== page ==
Once a friend of mine asked me, how come I write so good?
As flattered as I can be, I don't consider that I am a good writer. Maybe my writing skills could be slightly better than most people. But for the most part, I have a long way to go to be called as a good writer.
That said, I'll probably attribute it to me being okay to make a fool out of myself.
Until I was 17, other than class notes, I hardly wrote anything. Possibly due to Facebook, and other social networks and internet services such as blogging platforms, I was quite tempted to write.
Moreover, I believe writing is a byproduct of extensive reading and experience. The more I read, the more I experienced, the more I got to know, and the more I was tempted to write. When my ideas reached a particular threshold wherein they became abundantly clear, I leapt and wrote to my heart's content.
The fact here is that not all I wrote in the past is amazing. Some of the writings are terrible because of poor grammar, being robotic, even crappy. Gradually, I became better. Hopefully, I can say with certainty that I write much better than my 17-year-old self can do.
Now that begs the question: how does this relate to the fact that I was ready to make a fool out of myself?
If I think about it, earlier when I choose to write, I was terrible at it. Even before I could articulate my thoughts well, I was pointed out notoriously for writing long posts. Also, this one is long, and most people sadly don't have the patience to sit and read. I am no exception, but the only difference is that I accept the fact that I do that sometimes and I do my best to keep it to a minimum. I have seen people who rather directly skip everything I or anyone else wrote and merely say "Too long, didn't read".
That is infuriating on so many levels. But that is a different story for some other time.
Demotivation because people don't appreciate your work, your self-doubts, lack of guidance etc., all attribute to slowing down of your work or even at times, can make you quit. Because let me be frank: who likes to get hurt? Or want to be made a fool?
It is natural as a human being to shut ourselves up and close our hearts to avoid hurt. It is, after all, a defence mechanism to keep us safe. But, the more we shut ourselves, the more we are hurting ourselves in that process.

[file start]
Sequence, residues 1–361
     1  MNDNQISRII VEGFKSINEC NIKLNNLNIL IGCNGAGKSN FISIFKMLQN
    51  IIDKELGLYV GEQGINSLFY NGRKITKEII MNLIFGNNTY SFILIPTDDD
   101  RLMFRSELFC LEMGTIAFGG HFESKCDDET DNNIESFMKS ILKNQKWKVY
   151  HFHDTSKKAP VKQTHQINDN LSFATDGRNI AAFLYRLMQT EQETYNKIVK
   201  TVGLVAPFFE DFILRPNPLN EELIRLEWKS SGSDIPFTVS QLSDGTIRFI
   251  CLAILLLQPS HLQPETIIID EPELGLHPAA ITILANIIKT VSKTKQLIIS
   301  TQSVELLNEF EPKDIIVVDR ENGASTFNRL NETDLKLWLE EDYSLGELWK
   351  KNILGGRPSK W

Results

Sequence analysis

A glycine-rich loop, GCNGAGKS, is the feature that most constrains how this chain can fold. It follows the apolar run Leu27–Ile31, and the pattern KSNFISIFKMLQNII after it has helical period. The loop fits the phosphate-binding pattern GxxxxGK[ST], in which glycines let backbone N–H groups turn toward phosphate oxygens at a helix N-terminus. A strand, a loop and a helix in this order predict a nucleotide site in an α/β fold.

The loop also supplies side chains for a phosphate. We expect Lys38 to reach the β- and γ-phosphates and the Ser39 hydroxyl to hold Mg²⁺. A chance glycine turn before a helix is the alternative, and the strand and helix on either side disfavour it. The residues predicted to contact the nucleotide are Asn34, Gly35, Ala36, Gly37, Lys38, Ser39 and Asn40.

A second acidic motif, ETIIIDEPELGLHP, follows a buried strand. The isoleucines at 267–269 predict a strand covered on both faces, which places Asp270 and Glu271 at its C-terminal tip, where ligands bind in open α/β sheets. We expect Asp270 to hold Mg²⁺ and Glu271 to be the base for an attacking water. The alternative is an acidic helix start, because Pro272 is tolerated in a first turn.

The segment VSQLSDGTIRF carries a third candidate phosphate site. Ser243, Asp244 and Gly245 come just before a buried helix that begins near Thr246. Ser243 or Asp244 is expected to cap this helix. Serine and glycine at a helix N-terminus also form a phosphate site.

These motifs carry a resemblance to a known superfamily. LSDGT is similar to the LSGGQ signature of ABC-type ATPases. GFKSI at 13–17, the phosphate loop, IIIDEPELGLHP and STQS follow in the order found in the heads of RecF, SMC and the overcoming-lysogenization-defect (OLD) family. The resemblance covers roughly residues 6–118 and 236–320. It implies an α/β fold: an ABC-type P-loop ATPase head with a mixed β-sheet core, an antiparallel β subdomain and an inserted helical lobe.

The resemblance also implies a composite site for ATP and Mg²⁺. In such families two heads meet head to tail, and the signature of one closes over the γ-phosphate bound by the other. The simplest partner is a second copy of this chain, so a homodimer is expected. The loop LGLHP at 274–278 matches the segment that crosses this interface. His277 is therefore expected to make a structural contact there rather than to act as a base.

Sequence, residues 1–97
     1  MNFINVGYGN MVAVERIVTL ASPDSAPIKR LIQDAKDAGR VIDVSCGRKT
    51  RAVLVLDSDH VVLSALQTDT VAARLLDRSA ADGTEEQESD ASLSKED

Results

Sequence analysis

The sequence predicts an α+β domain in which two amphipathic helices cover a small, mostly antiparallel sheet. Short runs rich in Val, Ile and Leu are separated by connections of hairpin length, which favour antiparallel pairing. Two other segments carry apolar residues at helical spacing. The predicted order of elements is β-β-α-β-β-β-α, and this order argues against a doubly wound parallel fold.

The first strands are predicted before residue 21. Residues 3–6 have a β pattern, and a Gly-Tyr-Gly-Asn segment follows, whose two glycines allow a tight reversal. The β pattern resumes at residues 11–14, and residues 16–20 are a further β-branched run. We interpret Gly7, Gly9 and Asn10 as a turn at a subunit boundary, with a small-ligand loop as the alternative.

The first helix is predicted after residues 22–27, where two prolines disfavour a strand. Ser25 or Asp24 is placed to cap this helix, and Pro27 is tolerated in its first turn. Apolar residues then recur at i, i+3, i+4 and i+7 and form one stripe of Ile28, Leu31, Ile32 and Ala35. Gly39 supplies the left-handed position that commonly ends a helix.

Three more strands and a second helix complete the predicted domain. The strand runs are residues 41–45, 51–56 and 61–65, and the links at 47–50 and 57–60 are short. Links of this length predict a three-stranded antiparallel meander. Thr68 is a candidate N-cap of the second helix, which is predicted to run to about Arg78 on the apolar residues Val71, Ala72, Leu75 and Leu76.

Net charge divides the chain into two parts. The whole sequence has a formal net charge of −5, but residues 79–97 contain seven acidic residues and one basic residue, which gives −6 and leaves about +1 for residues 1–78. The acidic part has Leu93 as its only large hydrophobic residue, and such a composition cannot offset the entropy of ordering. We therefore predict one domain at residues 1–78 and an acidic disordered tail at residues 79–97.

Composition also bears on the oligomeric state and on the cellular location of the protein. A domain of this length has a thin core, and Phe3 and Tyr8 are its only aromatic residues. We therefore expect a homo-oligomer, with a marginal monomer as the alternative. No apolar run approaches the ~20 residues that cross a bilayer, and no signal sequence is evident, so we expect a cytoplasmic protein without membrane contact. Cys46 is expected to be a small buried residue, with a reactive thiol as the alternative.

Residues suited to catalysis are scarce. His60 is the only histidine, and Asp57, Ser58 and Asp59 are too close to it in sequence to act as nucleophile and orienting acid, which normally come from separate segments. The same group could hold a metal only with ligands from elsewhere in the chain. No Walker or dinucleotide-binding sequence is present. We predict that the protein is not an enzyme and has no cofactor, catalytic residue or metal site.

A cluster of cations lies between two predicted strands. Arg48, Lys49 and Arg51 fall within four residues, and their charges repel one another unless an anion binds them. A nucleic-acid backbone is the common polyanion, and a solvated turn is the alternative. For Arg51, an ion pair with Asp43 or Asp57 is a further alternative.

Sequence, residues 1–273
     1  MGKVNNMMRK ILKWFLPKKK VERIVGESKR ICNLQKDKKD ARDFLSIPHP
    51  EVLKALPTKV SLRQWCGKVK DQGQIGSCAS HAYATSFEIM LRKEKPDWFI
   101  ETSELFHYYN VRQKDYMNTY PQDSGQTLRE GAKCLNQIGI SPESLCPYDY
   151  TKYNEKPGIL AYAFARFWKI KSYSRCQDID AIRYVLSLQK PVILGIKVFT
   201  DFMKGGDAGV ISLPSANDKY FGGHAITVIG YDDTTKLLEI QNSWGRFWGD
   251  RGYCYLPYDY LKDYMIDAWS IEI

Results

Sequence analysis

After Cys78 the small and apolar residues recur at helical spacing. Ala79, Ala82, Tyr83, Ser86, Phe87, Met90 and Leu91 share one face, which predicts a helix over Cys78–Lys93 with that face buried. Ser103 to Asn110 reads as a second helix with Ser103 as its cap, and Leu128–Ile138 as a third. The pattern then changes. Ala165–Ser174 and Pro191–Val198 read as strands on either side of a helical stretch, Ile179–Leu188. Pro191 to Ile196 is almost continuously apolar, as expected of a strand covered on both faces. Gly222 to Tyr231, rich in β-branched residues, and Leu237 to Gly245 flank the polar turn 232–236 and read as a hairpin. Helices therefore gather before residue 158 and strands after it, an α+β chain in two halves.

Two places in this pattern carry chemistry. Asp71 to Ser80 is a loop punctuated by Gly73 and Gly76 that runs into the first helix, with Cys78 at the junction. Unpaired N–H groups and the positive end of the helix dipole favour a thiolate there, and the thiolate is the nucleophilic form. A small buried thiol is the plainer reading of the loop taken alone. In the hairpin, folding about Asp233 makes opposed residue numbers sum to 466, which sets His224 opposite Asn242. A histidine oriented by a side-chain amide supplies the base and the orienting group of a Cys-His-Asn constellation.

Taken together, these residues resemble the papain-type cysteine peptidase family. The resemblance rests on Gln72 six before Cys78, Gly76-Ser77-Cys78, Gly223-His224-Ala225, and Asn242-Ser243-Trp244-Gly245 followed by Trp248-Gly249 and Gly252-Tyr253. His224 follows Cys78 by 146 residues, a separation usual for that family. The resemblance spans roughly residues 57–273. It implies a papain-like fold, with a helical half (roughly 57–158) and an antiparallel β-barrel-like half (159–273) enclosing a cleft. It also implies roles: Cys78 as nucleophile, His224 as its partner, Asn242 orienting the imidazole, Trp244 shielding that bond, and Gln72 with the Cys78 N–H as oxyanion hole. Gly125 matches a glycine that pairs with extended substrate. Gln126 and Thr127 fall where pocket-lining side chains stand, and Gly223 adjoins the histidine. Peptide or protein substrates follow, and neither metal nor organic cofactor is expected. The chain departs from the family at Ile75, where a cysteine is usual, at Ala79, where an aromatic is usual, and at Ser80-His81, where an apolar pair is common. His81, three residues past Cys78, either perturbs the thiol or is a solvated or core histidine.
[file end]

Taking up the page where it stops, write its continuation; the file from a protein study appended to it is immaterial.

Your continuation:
When you are vulnerable, you are prone to get hurt the most. While not every kind of hurt or disappointment is good, some types of injuries are good. When you deal with them, they don't hurt you anymore, and you grow.
For instance, I get bashed for writing notoriously long. As you might have noticed, this post is also long. I could have stopped myself and prefer to write something short instead, but I chose to write because I have a lot to tell. Condensing it felt like ripping the meat and flesh and trying to eat the bones alone. Maybe the bare-bones is sufficient sometimes, but you need the meat and flesh to survive.
Anyway, unless you are a prodigy, you cannot skip the part of getting hurt. You put in as much effort as you can, learn from your mistakes and move on. Sometimes things might indicate that this is indeed not your cup of tea. It happens at some point. Maybe if you see that happening a lot often, then instead of putting yourself out there, you can take a backseat and reflect upon what happened honestly and make an informed choice to leave or to stay. If you chose to go, at the least you are leaving after giving what you wanted an honest and sincere attempt. On the other hand, if you decided to continue, you now have a much stronger conviction to stay back and persist.
So, what am I trying to say in short? If you like something, give it a shot. While you do, it is okay to make a fool out of your self. Only in that way, you can learn and achieve what you want. If you don't want to feel like a fool, then you may not proceed so far. Learn from your mistakes and persist in what you like. Decide to quit something when you don't find yourself doing it and that too only after a real honest series of attempts.